By phase two, 2015, we will then introduce Aegis Ashore, which we have started the contracts over the last year, and I’ll go into some detail of what’s occurred.  But in Aegis Ashore it is the same capability you have at sea except it’s land-based, obviously, and it allows a permanent presence there.  It can be moved in about four or five months.  It is not a mobile system, but at the same time it, again, takes a few months in order to establish and have it operating. 

We have an upgrade to the Aegis system that will occur by 2015, and that’s a newer missile.  The new missile, the SM-3 1B, has the same kinematic, or the same range, as the current missile, the 1A, but it has greater discrimination capability onboard.  We also have the THAAD system.  We’ll have five systems deployed by then for world-wide deployment, and, as I said in my opening comments, that the joint chiefs will make that determination of when and what the allocation is according to the combatant commander’s plans. 

And then we have an upgrade of the C2BMC, which allows us to operate more than one forward-based radar in one theater.  Those capabilities have all been under development for at least seven, eight, nine years in some cases, but in phase three, we start adding some new capability, a new start for development.  Aegis Ashore?  It’s just an upgraded software from what’s already been there, but it also – we will tie in the latest software for Aegis in the SM-3 2A missile. 

Now, the 2A missile, again, was not started by PAA.  That work was started with the Japanese in 2006.  We’ve been developing it and plan to finish our cooperative development program by 2015, and that was a 2006 agreement, so it’s nothing new there.  But it will be deployable by 2018, and it doubles the range that you can protect over the earlier versions of Aegis.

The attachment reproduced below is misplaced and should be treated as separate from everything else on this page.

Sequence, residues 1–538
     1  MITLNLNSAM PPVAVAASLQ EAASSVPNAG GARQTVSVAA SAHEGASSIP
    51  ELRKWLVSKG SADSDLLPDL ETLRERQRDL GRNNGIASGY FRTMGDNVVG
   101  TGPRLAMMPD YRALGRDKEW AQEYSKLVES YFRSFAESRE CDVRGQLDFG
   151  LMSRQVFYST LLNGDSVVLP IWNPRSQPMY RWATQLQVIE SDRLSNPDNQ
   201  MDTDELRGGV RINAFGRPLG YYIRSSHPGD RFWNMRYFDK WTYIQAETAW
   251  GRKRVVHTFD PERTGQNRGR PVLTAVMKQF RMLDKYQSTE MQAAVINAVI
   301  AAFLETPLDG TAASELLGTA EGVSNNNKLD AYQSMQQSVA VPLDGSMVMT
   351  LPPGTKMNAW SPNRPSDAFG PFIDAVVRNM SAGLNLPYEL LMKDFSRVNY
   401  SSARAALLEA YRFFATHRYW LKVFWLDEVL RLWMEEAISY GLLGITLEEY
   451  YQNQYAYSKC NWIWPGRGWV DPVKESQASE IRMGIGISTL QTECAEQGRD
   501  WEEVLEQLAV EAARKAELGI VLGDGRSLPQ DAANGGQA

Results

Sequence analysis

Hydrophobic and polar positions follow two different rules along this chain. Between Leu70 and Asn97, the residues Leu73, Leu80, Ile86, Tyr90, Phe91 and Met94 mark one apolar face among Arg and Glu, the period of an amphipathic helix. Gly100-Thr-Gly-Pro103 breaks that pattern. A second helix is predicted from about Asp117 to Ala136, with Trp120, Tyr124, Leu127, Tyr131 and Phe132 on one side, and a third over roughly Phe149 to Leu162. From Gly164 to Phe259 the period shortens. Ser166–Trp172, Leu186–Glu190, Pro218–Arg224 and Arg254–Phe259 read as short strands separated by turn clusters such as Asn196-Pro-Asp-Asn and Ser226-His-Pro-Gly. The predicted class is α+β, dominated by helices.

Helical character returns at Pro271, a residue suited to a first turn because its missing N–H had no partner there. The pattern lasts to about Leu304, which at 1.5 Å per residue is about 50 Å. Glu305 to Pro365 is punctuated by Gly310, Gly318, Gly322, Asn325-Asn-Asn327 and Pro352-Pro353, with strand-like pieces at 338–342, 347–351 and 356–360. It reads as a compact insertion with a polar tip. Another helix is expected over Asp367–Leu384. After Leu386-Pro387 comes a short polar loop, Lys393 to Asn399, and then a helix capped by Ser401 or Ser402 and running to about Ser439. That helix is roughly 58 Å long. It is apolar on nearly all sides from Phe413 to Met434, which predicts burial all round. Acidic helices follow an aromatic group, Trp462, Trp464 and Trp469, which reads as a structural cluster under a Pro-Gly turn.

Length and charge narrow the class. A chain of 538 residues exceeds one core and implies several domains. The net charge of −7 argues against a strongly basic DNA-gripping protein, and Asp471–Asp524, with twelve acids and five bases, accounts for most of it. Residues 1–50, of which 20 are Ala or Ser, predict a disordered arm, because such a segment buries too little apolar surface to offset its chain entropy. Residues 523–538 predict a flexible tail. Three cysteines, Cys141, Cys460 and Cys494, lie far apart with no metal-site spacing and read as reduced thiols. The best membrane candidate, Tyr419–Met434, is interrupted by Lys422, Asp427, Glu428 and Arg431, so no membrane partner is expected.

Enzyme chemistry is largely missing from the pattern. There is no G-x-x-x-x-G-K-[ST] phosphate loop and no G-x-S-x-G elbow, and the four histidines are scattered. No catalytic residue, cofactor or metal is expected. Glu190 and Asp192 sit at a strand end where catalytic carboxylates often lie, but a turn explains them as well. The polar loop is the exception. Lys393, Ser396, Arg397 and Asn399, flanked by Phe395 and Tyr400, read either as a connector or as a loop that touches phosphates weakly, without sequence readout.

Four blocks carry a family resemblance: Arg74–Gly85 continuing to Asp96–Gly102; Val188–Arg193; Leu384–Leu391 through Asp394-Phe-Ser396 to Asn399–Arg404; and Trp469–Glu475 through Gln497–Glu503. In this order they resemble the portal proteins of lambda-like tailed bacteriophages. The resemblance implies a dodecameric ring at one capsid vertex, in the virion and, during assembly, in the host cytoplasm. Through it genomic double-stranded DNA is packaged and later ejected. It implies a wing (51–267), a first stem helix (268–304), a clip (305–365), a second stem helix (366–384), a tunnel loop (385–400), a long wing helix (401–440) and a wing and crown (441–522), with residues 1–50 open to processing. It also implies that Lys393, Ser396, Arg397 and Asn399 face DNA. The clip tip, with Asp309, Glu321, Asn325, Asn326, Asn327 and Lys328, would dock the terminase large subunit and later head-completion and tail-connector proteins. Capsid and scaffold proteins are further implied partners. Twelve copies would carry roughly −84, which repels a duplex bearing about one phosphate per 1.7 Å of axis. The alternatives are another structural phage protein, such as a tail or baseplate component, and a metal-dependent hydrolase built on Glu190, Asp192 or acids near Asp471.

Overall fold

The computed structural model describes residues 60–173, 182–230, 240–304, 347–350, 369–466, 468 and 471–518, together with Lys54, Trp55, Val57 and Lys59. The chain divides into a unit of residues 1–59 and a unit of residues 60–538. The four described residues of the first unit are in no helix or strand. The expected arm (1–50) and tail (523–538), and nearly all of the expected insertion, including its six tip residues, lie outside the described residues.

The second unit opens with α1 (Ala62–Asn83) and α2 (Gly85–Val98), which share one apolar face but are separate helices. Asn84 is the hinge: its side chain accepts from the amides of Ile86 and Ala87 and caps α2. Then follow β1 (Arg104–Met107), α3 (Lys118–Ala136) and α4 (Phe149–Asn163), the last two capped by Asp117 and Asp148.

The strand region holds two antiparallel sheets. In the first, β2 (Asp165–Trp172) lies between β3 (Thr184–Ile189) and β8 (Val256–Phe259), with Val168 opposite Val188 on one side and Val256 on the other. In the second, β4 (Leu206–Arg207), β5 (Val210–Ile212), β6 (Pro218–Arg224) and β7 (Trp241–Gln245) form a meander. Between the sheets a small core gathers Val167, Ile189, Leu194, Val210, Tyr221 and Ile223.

Also, we have the Precision Tracking Space System.  That decision was made, or at least those reviews occurred, in 2007 – again, prior to the PAA, but it adds a significant capability for large raid sizes.  And if the PAA helped in focusing the analysis for the Department of Defense, it was on not so much range of threats, but raid sizes, being able to engage over 50 missiles at once, way over by this point in time, track hundreds of missiles at one time.  That was the analysis that has been occurring over the past year, and as you can see, PTSS, that satellite system, will have a significant contribution there.
Also, airborne infrared.  Over the past year we’ve done a lot of study in that work.  We may not go with the infrared, even though it is in its title, sensor because we are looking at advanced sensors and they can help us do discrimination and handle, again, very large raid sizes on unattended air vehicles or remotely piloted vehicles. 

Again, we will be upgrading the C2BMC.  At that point, the timeline coincides with the plans for the Active Layered Theatre Ballistic Missile Defence upper tier.  That’s been in the plans for years with NATO.  The opportunity there is to make those two systems not only interoperable, but interactive with each other.  So that again, you have that ring that I showed previously, the effective upper- and lower-tier defense system. 

 Phase four, now that is a new start that came out of the phase adaptive approach.  The primary reason we were focusing phase four was to have another intercept opportunity of missiles being launched from a threat or potential adversary.  We want to intercept those missiles as soon as possible after they have been launched.  It makes it very difficult to deploy countermeasures in that area.